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Just because…

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With Mankhokwe Namusanya:

 “Does your mother know that song?”

She shakes her head. Doubts if her mother even knows any song for that matter.

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“Her life, these days, is in the Lord. I doubt she knows any song. Hymns? She must know them all, by heart.”

I chuckle. A quiet small one. Say that hymns are music. She thinks otherwise. Says that music is what you dance to, not what you just sing along and then it transports you to places. I think: this one likes to dance. And, I am not really wrong. She confirms.

But it is not her story we are talking about. It is her mother’s story which, of course, is also her story. And of her two siblings. Now, all of them grown-ups.

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She is unmarried and says she does not think highly of marriage. At least, not to men.

“But a woman?”

She laughs. Says her mother would die of shock. Her father? Would pretend she does not exist. Like she did with her two step-siblings.

And that is another story. Of the two step-siblings. But it is also one that we are not really talking about.

She was young when her parents divorced. It was her father who sought that divorce.

“All I remember was that we moved houses. I went to live with mum. As for my brothers, I did not know where they were. But, they went to live with my grandparents from my father’s side. I think I asked mum where dad was and I don’t remember her responses.”

“How old were you?”

“It must be four, or five. Or the transition from four, to five. I was just about to start primary school.”

Her mother has never told her why they divorced. A sister to her mother, in one of those sibling fights, is the one who disclosed why they divorced.

She, the sister to her mother (or to just be brief: her aunt), had that week come to visit. It was a small house they had moved into. Years after that quiet divorce. With just a bedroom. In a district she tells but I cannot disclose. When the sister came visiting, she was excused from the bedroom, to sleep at the sitting room.

In the night, she could hear them – the two sisters – talking. And laughing. Long into the night. She would actually drift off into sleep while they buzzed around her.

That night, however, they were not laughing. They were arguing. Her mother was saying she had no money. Her sister was saying the point was not money. Her sister, the aunt, said that people in the village were worried for her.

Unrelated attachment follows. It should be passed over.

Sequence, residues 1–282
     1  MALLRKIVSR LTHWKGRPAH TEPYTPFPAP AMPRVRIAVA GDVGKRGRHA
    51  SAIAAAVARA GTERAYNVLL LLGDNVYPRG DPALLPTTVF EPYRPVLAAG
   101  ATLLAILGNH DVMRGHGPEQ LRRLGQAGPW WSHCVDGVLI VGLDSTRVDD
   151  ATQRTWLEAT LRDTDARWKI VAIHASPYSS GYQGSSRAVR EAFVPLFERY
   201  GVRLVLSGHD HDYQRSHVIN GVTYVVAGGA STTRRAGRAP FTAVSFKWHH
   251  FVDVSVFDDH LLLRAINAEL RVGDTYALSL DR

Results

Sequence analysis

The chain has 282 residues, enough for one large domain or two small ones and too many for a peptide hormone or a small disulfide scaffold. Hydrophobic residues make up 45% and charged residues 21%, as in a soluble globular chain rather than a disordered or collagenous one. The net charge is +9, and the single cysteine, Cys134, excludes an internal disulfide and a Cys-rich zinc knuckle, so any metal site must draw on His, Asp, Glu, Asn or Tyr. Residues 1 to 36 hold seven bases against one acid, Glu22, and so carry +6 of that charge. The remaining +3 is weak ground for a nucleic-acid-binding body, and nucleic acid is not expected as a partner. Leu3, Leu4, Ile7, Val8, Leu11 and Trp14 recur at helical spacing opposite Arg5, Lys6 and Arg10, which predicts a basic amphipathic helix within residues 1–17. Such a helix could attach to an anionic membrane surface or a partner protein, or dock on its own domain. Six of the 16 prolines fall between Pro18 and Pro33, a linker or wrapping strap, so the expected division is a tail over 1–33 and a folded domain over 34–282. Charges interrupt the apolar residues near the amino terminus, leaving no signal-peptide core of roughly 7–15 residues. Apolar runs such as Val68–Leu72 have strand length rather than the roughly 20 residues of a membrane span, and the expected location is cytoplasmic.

“It was a long argument but, to sum it up, I heard her say: ‘That is why he divorced you, failing to’…,” she struggles to say the words. Still, she says them. The point is: her mother was cheating. Or, was accused of cheating.

You know those stories that you to share, yet, when you start sharing, you become so emotional that you want to excuse yourself, and beat yourself for starting to share them? They are like some decency on you, that when you start to peer inside them, it is as if you are slowly cascading down a path of indecent exposure, they are what defines you.

When you are an audience to such a story, you do not ask questions anyhow. So, I do not ask if she really thinks her mother cheated. Instead, I try to drive the conversation to some point that might get me the answer:

“Have you ever talked with your mother about this, now that you are grown?”

“No, I have never. You do not know my mother.”

“Is she that secretive?”

“Not that secretive, but she is one you can accuse and she will not fight back even if it is untrue.”

She thinks her mother did not fight back. Either out of her personality or because she did not want to wash dirty linen in public. She walked out – or was kicked out – of that marriage with nothing. Just her life. And child. The other two? Well, they are males. They have some connection with their father. They recognise her as their mother and nod in her direction.

When her education started demanding much money, she went to her father. He was the one who was going to pay. And holidays were spent mostly at her father’s place. There was some guy she was falling for – nothing serious.

One holiday, she came. She was in college. Older than her, older than her other sibling – the second born. Her father was at work.

When this girl came, she asked for ‘her father’. They were sisters. Step-sisters.

“He had fathered two other children with another woman. All the time she was married to my mother.”

It was him who actually made her mother aware of the other children.

“How did she take it?”

“She basically took it to the Lord in prayer.”

“Your step-siblings, do they know your mother?”

“Yes, they do. The girl was close to me at some point and actually fed me all the info on what was happening all that time he was married to my mother.”

“Do you think your mother cheated on him?”

“I don’t know but, even if she did, she should have been forgiven.”

I ask her if she knows that song, that Dolly Parton song. She asks which one. I start to sing with my bad voice: my mistakes are not worse than yours, just because I am a woman.

She waves. Asks me to stop singing. Says my voice is horrible.

“Does your mother know that song?”

She shakes her head. Promises she will have her listen to it.

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